THE QUICK, SPOILER FREE REVIEW
Last week, Neil Gaiman confirmed that the whole "Impossible Girl" concept was a last-minute addition to this year's scripts. And boy did it ever show in this episode! In the typical Moffat fashion, there's a lot of brilliant, high-concept ideas that are introduced but not deeply explored. Also in the typical Moffat fashion, for every answer we get in this episode, we gain more questions. Sadly, at least half of these questions will be "What the hell?". Still, there are some good moments, created purely through the charisma of the cast.
After a mad murderer gives a message to Madame Vastra regarding The Doctor and his greatest secret, she arranges a psychic conference call of her own entourage and two of The Doctor's greatest allies - Clara Oswald and River Song. Somehow, their involvement was anticipated and Jenny and Strax quickly fall prey to the vicious Whispermen - the latest henchmen created by The Great Intelligence. Now, to save his friends, The Doctor must violate the greatest rule of time-travel and cross his own time-line into his future. He must journey to the fields of Trenzalore... the site of his final battle.
THE GOOD PARTS
* The episode title, naturally, proves to be misleading and its' true meaning obscure until the final moment. Ditto the specific grammatical interpretation of the madman's words.
* The explanation for how Clara Oswald came to be The Impossible Girl is satisfying and logical - by Doctor Who standards anyway. All of her out-of-character behavior (at least, relative to what we thought her personality was like) has can be explained away that she wasn't that awesome person she was in Asyluim of The Daleks or The Snowmen YET.
* If this is indeed River Song's goodbye (any takers on that bet?), then it is a good one. Matt Smith and Alex Kingston do a fine job of playing it out.
* The Lovecraftian undertones to stories involving The Great Intelligence show up throughout the show. Chief among these are the idea of astral-projection based time-travel through dreams, a mad killer somehow having access to cosmic wisdom and a spooky gothic graveyard setting.
* The opening scene, with Clara appearing alongside several of the previous Doctors (including a colorized William Hartnell!) is delightful.
* Apart from the classic footage, there's a lot of references to other episodes including Turn Left (the stars going out as a visible sign of the universe changing) and The Five Doctors (the idea that altering The Doctor's past will cause his present incarnation great physical pain).
* My favorite nod to the Classic Series? The Doctor name-drops The Valeyard - an evil, future version of himself from the story The Trial of a Time Lord.
* There's some great little moments of acting from the whole cast. I defy you not to be moved by Lady Vastra's distress over Jenny's death.
* Strax is quickly becoming my favorite supporting character and I love that his idea of a day off involves bar-brawling in Glasgow. One wonders if he'll go on to invent the concept of Football Hooliganism.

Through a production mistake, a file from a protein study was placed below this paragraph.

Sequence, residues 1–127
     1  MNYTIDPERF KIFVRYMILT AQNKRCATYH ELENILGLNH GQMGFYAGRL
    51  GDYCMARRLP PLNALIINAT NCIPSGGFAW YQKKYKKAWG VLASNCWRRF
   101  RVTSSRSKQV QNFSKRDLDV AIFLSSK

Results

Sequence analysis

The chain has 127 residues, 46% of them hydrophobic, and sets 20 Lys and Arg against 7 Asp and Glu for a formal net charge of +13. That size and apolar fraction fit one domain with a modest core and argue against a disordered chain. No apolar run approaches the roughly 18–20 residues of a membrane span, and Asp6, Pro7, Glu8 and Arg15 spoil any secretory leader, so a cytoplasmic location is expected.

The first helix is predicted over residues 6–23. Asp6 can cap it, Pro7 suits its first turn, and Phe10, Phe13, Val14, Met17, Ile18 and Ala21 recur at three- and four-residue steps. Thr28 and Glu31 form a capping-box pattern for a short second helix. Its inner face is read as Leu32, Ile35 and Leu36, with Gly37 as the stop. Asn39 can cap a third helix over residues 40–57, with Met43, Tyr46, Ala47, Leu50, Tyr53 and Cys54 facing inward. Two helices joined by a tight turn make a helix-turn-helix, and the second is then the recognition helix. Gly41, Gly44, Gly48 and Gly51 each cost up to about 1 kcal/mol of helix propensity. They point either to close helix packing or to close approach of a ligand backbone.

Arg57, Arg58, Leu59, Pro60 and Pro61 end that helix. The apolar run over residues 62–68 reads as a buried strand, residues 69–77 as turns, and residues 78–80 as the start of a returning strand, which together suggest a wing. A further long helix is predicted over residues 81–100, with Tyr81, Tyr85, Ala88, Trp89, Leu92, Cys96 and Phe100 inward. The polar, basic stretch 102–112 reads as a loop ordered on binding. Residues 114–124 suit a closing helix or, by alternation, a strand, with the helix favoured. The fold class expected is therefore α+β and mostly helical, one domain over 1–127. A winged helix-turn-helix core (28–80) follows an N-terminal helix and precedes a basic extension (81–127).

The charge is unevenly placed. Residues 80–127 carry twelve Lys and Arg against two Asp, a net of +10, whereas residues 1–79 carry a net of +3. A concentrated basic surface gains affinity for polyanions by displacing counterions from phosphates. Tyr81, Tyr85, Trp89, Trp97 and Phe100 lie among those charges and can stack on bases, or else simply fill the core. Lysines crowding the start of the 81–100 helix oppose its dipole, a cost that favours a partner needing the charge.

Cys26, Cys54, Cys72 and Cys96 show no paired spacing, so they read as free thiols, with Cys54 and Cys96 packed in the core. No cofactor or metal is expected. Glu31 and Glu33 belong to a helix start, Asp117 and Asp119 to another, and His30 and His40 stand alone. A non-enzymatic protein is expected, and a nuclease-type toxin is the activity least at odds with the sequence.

* Comment has been made before about how so many of Moffat's female characters are Mary Sues but his treatment of Clara tops them all! One ordinary woman is now responsible for every single victory The Doctor ever had. Just consider how many stories that is and boggle at that idea. What is more, since Clara is now cast across the whole of The Doctor's time stream, her involvement can now be used as a Deus Ex Machina any time any future Doctor Who writer finds themselves in a corner. I doubt few of them besides Moffat will take that route but the idea that such a plot device exists in the first place still troubles me. It troubles me even more than the question of just how Clara is able to stop The Great Intelligence every single time it manifests.
* Plot holes. So many plot holes. Why does The First Doctor respond to Clara calling him The Doctor, when he didn't adopt that name until later? How does the madman learn that The Doctor's grave is imperiled in the first place? How does Madam Vastra (to say nothing of Jenny and Strax's bodies) get to Trenzalore independent of The Doctor? Why, if The Doctor can force The TARDIS to travel someplace it doesn't want to go, has he never done it before in all the other cases where The TARDIS was being temperamental? How can The Doctor touch a non-corporeal telepathic construct?
* Specific one that bugs me just because I love the Sontarans as a monster - Why doesn't Strax instruct his bar-brawling buddy to hit him in the back of his head to knock him out? In the one place Sontaran's can be knocked out easily?
* Did anybody else think of The Slender Man when they first saw The Whispermen?
* The Great Intelligence really doesn't have the gravitas to pull off the role here, though Richard E. Grant does give it his all in selling it. I suppose The Great Intelligence might have many more battles down the line with The Doctor but as it stands the idea of T.G.I.sacrificing itself merely to undo The Doctor's every victory doesn't seem to fit what we know of the character and its' goals. Can I believe The Master or Davros would take so drastic an action? Absolutely! The Great Intelligence? Not so much.
* Six months until the actual conclusion of this story! AUUUUUUUUUGH!
THE FINAL VERDICT
The charm of Steven Moffat's bait-and-switch stories has officially run out. Succeeding largely due to the performances of the actors, this story almost manages to maintain it's momentum in skipping across the water like a stone. Sadly, it sinks at the end as we are left with Clara being the biggest Mary Sue in history and a cliff-hanger ending after a season that was itself all cliff-hanger to this episode. Is it too much to hope that Series 8 will have a series of simple stories with no overriding plot?